Taylor Jones

  • Hosted by National Center for Youth Law
  • Sponsored by Pillsbury Winthrop Shaw Pittman LLP
  • Service location Washington, District of Columbia
  • Law school The University of Michigan Law School
  • Issue area Children/Youth
  • Fellowship class year 2020
  • Program Design Your Own Fellowship

The Project

Taylor will work to support District of Columbia homeless youth in accessing an appropriate education by challenging school policies and practices that violate their rights under federal and local laws.

Since Washington, D.C., closed its largest homeless shelter in 2018, hundreds of D.C. children and families have been temporarily living in hotels and motels located on the outskirts of the District. These students have limited access to public transportation, making it difficult for them to attend school. School supplies are another obstacle, particularly given that three-quarters of D.C. schools require school uniforms and many low-income families are unable to afford a week’s supply of uniforms for their children. Students experiencing homelessness are legally entitled to remain in their school and receive transportation services and needed academic supports, such as school uniforms, to ensure full and equal opportunity to succeed. Youth and their families need to be informed of their legal rights and provided with representation to ensure that they receive the educational opportunities and an equal opportunity to succeed.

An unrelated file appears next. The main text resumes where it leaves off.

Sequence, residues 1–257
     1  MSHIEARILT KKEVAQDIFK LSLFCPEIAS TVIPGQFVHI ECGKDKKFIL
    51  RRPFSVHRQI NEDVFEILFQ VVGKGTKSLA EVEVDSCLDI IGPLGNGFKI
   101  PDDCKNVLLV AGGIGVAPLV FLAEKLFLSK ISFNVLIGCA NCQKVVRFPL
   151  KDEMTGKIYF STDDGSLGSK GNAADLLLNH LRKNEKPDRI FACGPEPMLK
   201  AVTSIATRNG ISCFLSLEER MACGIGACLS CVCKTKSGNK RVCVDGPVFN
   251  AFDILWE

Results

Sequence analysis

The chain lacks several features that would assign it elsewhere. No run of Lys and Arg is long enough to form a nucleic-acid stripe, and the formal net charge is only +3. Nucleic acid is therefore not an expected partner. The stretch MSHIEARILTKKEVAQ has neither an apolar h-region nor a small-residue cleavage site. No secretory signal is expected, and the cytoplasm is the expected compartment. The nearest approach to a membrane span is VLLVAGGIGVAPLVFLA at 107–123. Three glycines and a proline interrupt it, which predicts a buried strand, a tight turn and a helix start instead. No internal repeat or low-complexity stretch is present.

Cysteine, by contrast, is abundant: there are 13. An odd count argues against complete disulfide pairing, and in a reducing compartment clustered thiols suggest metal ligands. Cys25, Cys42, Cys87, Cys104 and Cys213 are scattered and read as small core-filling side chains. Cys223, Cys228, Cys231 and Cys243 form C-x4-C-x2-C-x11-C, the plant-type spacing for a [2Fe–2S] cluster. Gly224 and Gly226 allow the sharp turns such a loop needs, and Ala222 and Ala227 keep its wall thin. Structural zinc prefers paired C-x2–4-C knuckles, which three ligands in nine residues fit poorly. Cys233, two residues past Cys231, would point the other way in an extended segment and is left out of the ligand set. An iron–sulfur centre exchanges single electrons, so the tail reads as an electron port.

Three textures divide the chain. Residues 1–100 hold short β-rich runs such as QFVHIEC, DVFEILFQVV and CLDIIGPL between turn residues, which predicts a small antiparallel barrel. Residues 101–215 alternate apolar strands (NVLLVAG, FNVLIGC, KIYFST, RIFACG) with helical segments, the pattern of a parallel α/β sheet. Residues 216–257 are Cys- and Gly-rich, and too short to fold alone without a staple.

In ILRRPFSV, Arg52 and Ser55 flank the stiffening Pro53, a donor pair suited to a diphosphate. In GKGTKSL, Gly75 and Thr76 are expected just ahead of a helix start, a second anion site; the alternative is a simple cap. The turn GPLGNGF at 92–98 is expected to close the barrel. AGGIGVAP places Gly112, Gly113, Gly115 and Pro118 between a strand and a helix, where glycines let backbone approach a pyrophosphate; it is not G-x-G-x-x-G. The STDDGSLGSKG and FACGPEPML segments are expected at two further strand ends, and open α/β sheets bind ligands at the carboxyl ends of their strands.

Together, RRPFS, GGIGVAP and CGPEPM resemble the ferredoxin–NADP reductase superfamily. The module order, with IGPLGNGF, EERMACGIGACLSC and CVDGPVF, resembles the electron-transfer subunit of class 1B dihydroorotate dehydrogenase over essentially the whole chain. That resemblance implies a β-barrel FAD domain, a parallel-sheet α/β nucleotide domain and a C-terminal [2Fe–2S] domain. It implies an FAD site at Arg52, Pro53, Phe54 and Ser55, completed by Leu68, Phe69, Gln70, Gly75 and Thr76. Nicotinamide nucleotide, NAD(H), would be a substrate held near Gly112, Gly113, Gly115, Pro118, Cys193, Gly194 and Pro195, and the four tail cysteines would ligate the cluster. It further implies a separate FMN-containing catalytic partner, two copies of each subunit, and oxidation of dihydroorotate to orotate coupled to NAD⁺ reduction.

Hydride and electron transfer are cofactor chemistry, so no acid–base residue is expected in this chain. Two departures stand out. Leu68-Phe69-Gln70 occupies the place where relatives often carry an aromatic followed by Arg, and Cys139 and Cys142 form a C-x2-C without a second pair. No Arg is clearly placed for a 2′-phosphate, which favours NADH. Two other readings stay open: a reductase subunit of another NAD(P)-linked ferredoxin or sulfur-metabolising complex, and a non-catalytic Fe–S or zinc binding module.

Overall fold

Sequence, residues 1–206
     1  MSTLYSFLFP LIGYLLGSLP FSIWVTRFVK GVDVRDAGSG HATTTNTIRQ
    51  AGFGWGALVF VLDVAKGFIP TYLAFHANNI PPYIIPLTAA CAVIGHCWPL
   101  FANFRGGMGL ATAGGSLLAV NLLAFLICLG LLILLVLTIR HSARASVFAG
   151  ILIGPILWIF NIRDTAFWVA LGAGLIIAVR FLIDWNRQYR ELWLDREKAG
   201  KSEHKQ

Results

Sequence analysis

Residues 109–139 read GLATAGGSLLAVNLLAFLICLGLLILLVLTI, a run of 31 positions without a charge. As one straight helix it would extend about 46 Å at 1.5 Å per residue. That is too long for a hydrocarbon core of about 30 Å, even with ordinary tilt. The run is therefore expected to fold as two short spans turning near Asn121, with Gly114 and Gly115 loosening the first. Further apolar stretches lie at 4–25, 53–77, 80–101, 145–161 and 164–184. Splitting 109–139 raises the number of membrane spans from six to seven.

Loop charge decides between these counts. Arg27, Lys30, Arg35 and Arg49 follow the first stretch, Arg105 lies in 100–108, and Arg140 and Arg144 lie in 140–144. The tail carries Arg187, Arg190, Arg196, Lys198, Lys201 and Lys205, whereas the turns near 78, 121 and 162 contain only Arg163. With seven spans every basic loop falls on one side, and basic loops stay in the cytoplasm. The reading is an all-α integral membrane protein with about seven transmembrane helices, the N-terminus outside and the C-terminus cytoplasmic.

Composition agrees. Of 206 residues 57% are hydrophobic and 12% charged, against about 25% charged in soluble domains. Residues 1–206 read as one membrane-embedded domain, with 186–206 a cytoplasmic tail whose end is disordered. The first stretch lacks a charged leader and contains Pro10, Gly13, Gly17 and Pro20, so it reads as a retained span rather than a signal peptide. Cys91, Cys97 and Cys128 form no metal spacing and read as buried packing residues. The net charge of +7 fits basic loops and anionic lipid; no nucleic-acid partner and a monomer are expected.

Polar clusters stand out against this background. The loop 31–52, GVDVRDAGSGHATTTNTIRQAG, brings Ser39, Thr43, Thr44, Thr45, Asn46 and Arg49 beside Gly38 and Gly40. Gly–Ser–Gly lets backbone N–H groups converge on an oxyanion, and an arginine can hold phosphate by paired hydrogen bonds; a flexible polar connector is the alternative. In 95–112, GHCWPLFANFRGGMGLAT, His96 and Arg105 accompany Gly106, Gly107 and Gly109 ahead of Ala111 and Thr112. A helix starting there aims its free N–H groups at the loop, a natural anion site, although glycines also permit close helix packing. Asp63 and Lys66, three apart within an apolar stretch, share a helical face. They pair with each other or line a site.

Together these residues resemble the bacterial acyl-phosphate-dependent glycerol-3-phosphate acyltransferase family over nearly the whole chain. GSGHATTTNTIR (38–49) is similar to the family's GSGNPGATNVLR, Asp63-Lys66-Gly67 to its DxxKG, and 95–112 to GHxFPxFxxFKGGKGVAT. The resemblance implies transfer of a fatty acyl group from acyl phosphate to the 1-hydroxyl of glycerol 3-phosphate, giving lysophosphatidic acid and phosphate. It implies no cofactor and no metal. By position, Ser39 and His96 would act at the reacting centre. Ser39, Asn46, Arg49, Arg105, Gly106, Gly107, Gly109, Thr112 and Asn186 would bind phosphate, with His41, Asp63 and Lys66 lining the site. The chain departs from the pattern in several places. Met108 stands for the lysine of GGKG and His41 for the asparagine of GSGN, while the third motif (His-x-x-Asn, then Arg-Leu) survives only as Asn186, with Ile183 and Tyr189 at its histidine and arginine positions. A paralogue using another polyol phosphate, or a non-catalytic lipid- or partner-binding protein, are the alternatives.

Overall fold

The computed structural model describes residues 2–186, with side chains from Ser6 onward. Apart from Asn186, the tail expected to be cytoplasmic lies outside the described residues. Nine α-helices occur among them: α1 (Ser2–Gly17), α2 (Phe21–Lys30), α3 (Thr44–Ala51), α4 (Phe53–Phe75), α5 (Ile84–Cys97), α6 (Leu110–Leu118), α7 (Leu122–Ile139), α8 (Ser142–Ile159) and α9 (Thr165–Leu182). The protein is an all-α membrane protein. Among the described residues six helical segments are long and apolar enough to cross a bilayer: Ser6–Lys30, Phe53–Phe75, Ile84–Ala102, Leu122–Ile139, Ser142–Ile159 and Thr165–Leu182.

Taylor’s time as an after-school counselor working with at-risk children highlighted to her the importance of school in the lives of vulnerable youth.

Fellowship Plans

During her Fellowship, Taylor will provide direct services to homeless students who are denied the services, supports, or accommodations to which they are entitled to under laws such as the McKinney-Vento Act. She will offer know-your-rights trainings that empower families to navigate various school proceedings that serve as barriers to education. Finally, in partnership with families, she will develop model school policies that comply with relevant laws and support practices that remove educational barriers for homeless youth.

I know first-hand how economic hardship can affect a student in school. I was fortunate enough to have extended family that served as a safety net. I want to advocate for vulnerable children who do not have the same supports.

Taylor Jones /
2020 Equal Justice Works Fellow

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Sarah Wallerstein Koren

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Sponsor: The Florida Bar Foundation